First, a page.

At the Stove
At the Stove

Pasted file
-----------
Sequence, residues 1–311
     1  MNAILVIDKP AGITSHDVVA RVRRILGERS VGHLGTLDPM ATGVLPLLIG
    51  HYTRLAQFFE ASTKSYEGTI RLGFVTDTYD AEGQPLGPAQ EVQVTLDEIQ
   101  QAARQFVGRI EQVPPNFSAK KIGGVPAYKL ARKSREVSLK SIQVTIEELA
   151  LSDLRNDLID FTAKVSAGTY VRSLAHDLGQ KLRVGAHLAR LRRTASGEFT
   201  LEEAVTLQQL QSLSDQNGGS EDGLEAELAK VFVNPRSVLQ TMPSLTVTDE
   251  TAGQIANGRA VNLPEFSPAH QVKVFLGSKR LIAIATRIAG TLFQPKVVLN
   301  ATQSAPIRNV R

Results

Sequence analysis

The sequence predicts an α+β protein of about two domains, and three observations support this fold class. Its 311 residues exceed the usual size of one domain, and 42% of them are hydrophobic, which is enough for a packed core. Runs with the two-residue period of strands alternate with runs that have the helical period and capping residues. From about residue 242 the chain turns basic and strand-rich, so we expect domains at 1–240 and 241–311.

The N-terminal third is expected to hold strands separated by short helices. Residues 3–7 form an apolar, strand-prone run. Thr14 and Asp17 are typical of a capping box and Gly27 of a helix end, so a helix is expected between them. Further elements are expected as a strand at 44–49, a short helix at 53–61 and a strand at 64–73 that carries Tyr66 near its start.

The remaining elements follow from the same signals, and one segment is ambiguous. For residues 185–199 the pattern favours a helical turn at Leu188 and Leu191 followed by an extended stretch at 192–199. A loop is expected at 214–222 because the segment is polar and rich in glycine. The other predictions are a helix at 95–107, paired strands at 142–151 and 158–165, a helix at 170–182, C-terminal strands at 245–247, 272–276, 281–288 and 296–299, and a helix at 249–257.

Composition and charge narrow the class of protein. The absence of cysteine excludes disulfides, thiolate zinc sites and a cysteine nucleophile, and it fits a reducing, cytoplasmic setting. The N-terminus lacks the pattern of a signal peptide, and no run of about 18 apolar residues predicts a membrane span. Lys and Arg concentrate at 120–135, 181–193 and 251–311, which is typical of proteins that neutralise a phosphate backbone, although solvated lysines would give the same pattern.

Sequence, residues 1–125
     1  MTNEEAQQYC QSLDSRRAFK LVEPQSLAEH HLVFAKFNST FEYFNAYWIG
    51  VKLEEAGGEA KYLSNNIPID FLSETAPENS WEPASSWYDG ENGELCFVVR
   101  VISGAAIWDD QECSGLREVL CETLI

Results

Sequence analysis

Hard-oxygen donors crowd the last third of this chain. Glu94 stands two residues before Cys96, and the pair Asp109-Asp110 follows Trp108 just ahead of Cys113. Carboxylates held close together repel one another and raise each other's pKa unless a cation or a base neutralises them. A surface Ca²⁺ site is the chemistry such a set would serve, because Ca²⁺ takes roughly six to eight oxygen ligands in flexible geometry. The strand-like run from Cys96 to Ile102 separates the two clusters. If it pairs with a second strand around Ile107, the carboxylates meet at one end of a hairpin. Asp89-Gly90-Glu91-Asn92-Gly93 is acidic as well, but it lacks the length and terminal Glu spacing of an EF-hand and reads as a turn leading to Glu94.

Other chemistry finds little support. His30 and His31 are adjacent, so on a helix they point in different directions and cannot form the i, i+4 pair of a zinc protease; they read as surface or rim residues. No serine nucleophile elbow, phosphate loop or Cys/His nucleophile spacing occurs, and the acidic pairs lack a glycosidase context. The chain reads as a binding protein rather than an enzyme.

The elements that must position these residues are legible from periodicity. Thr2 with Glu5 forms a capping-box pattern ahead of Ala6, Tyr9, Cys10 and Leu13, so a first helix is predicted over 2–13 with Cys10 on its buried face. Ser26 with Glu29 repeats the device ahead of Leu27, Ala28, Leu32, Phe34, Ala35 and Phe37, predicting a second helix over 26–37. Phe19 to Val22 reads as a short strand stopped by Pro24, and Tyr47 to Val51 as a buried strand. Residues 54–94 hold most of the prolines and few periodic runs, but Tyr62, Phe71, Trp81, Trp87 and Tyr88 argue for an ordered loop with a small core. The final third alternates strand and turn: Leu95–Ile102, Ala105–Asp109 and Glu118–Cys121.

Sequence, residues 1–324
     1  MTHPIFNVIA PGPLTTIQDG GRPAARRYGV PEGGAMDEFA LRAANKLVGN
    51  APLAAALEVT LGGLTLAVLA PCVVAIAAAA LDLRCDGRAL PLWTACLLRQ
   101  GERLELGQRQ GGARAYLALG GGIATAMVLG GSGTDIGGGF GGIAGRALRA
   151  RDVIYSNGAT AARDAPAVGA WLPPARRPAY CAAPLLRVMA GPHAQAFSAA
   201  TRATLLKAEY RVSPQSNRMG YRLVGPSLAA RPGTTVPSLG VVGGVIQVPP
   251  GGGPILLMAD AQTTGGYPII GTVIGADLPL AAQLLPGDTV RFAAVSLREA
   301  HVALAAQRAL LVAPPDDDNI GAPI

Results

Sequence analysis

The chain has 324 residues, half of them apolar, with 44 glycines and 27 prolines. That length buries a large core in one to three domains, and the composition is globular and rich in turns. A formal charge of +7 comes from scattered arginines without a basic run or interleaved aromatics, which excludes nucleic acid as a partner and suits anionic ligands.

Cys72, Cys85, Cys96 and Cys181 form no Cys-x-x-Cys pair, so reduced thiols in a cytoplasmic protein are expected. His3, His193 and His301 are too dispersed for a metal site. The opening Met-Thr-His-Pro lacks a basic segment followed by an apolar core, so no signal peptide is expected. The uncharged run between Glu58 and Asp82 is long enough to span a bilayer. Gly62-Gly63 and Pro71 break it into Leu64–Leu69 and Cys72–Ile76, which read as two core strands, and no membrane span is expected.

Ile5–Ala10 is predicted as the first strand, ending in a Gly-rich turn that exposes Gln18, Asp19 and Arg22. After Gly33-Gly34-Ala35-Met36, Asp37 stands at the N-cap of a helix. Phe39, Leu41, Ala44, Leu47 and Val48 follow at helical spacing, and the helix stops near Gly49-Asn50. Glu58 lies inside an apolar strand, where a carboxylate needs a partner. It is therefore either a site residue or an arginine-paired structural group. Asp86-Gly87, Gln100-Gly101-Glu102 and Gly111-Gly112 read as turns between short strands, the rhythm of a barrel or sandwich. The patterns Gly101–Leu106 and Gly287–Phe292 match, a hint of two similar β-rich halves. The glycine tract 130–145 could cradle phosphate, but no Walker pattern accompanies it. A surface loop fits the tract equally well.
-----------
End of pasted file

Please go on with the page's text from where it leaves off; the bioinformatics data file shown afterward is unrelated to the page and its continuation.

This chapter analyzes the space of the home, particularly the areas of the kitchen and the dining room. Focusing mainly on the disappearance of the servant from the household, it retraces the gradual replacement of human domestics with technical appliances in the process of automation, mechanization, and electrification. The shift of subaltern functions from humans to things uncovers a vast process of substitution, illustrated here with the history of the so-called dumbwaiters. Using the examples of Thomas Jefferson's revolving serving door and Gaston Menier's ‘first cafeteria,’ the chapter discusses various kitchen and tableware utensils that contribute to the pervasive disappearance of human servants from the household. Michel Serres' concept of the quasi-object will help explain the central notion of delegation employed here.
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